October 05, 2019
Prince Harry and Duchess Meghan of Sussex met Nelson Mandela's widow on the last day of their African Tour.
The Dukes of Sussex had a very special meeting with a grand lady on their last day in Johannesburg.
The Royals got to spend some time with Graça Machel, the widow of the late Nelson Mandela.
Graça was made an honorary British Dame by Queen Elizabeth II in 1997 for her humanitarian work.
Duchess Meghan of Sussex and Nelson Mandela's widow, Graça Machel/ Source: Getty Images
The elegant Graça wore a lovely blue and white floral print dress print with trumpet-shaped sleeves and intricate cutouts at the cuffs and hem.
Graça, 73, who married Nelson Mandela during his Presidency of South Africa in 1998, is an international advocate for children and women's rights. Graça was made an honorary British Dame by Queen Elizabeth II in 1997 for her humanitarian work.
When Graça met Nelson Mandela she was already a widow, of Mozambique's first President who died in 1986 in a plane crash.
Duchess Meghan and Graça sat down together for what looked like an animated chat, which probably involved their common passion: humanitarian work. Meghan looked cool and radiant in a neutral-colored coat dress with wide lapels and black buttons.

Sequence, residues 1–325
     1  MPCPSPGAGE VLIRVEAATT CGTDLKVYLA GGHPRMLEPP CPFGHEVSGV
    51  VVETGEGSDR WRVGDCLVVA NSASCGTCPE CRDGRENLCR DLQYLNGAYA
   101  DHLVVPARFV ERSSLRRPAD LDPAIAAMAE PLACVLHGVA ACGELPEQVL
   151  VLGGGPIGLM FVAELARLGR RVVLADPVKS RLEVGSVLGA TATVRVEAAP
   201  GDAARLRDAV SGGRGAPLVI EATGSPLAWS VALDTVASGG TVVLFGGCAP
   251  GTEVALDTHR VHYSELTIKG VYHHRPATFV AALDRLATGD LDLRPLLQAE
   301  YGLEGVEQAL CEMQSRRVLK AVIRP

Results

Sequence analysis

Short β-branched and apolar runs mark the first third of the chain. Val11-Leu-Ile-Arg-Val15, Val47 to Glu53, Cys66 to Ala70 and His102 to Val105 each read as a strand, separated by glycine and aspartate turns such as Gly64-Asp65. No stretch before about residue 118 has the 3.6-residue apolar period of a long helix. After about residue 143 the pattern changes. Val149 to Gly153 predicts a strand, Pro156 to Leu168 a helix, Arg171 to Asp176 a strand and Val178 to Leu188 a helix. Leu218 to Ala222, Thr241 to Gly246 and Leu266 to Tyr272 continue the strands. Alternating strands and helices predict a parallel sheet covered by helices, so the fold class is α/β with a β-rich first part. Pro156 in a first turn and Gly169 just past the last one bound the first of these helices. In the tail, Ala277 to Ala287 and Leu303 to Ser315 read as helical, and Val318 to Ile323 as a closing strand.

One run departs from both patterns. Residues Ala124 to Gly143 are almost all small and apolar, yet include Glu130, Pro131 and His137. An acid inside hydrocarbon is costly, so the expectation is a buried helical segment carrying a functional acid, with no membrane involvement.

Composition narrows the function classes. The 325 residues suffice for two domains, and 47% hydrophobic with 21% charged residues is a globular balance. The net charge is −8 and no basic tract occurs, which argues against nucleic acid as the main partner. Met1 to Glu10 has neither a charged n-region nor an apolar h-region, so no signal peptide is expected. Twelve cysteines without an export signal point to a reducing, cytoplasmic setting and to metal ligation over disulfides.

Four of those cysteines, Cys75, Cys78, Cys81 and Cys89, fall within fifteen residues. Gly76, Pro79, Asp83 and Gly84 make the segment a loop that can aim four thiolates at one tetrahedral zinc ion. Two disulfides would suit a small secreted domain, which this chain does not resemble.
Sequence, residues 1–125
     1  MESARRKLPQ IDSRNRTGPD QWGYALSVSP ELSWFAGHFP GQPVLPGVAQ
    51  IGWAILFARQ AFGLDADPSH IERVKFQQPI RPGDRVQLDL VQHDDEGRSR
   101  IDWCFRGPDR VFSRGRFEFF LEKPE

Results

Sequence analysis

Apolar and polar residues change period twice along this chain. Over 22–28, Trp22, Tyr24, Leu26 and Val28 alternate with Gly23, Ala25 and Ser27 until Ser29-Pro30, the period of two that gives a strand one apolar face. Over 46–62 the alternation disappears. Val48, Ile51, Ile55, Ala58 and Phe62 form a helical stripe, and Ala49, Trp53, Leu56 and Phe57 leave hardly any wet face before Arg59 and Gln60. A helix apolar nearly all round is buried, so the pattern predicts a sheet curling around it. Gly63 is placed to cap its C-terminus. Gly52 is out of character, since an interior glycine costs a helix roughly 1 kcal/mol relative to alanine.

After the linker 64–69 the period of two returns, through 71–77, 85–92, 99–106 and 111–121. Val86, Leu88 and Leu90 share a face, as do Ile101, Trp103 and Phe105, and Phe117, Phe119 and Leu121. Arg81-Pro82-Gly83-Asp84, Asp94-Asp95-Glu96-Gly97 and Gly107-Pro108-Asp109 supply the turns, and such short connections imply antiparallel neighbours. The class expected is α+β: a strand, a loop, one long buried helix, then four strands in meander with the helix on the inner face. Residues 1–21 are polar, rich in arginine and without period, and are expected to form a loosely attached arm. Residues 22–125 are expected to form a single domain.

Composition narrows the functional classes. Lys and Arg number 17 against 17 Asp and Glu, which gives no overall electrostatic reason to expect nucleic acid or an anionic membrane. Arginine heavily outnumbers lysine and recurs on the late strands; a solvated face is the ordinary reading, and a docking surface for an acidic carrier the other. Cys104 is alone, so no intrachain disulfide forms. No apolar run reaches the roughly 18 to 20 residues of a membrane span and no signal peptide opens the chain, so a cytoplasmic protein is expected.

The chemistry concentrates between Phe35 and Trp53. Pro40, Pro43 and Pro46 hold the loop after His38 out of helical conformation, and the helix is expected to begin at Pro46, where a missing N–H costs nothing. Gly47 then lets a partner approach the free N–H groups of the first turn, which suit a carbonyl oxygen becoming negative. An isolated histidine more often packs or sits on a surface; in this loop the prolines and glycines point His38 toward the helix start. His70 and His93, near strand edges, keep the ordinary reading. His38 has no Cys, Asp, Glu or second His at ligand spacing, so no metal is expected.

After their meeting with Graça, the Duke and Duchess of Sussex still managed to squeeze in a visit to Tembisa township where they met young entrepreneurs and had dinner with Chef Mish.
The Mish Da Chef Company works to help create job opportunities and empowerment in different avenues in the hospitality industry for youth growing up in the township.
The Royal couple ended their African Tour on a high note, having touched many hearts, and left many new friends behind.
On his official African Tour, Prince Harry had the opportunity to remember and honor his mother, Princess Diana's legacy of compassion and courage.
The Prince remembered his mother's fight against the use of landmines, and how she called the world's attention to the deadly peril by walking across a minefield in Huambo in central Angola.
Her work led to the United Nations Mine Ban Treaty which forbids the use or production of landmines and has since then been signed by164 countries.